Young Shoppers Prefer Louis Vuitton and Gucci Over Hermès and Chanel

There’s a distinct generational divide when it comes to luxury fashion brands and it could upend the future of the entire category.

When it comes to luxury brands, younger shoppers overwhelmingly prefer Louis Vuitton and Gucci to Hermès and Chanel, a stark generational difference that could signal a massive, long-term shift in the luxury retail industry, according to a new study conducted by the purchase data platform Attain.

The study, which analyzed the shopping preferences of US consumers across all ages and income levels, finds that the youngest group of shoppers, those ages 18-24, significantly prefer Louis Vuitton and Gucci to Prada, Hermès and Chanel. Meanwhile older consumers (ages 55-64) are the opposite, showing a higher affinity for Hermès and Chanel than Louis Vuitton and Gucci. Meanwhile, middle aged consumers (35-54) are 1.2x more likely to buy Prada when compared to other designer brands, according to Attain data. 

There’s also a subtle difference in brand preference by income level. While high-income (earning more than $100,000 annually) consumers over-index on all luxury brands compared to lower income consumers, they have a clear affinity for Prada, Hermès and Chanel. The opposite is true for middle-income ($50,000-$100,000) consumers.

The data paints a dual portrait of the ideal Gucci and Louis Vuitton customer as younger, upwardly mobile consumers, and Prada, Hermès and Chanel as the brands of choice for older, more affluent consumers.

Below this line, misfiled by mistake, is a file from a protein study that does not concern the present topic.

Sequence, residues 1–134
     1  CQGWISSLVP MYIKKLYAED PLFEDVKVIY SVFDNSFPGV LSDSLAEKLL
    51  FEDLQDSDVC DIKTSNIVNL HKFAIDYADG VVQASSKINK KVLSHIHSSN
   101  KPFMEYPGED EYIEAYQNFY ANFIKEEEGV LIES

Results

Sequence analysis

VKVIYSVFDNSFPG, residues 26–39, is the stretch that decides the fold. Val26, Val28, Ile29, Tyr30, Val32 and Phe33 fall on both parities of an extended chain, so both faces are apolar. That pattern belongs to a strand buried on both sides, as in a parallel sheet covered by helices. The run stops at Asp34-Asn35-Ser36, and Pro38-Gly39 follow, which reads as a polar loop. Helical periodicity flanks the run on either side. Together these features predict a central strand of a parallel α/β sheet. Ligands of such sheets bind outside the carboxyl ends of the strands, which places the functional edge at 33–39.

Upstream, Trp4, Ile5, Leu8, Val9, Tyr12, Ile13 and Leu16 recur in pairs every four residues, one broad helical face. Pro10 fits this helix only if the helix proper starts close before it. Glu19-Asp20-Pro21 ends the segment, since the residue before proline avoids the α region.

There are two possible interpretations of this data, one being that Hermès and Chanel occupy the highest echelon of the luxury brand market, putting themselves above even the likes of Louis Vuitton and Gucci. All of the brands in the study were selected for their luxury brand status. Buying, and perhaps more importantly, being seen wearing, these brands is a cultural signifier for wealth and refinement. But even within the rarefied world of high-end fashion, there are certain brands that set themselves apart, and Hermès and Chanel, two storied brands synonymous with old-money sophistication, would seem to fit that description. 

Hermès is so infamously exclusive that for years it made its iconic Birkin bags unavailable to all but its most loyal customers, a policy that is the basis for an antitrust suit against the brand. It makes sense that only the wealthiest among us could afford its wares.

The problem with this theory is that Louis Vuitton and Gucci are still popular among the wealthy, and that age and income tend to correlate. Younger consumers could like Hermès and Chanel just fine, they might just be too early in their careers to afford them.

But Jason Goldberg, Chief Commerce Strategy Officer at Publicis, believes the data could exhibit a generational difference in brand equity. Louis Vuitton and Gucci have developed significant brand affinity among young consumers, and that could translate into a boost in sales long-term.

“These are all brands that are generally pretty similar in their appeal and how they appeal to the market,” Goldberg say. What separates a brand, then, is the distinct image it has in our culture, and in this case, the data clearly shows that Zoomers prefer Louis Vuitton and Gucci.

other stories you might like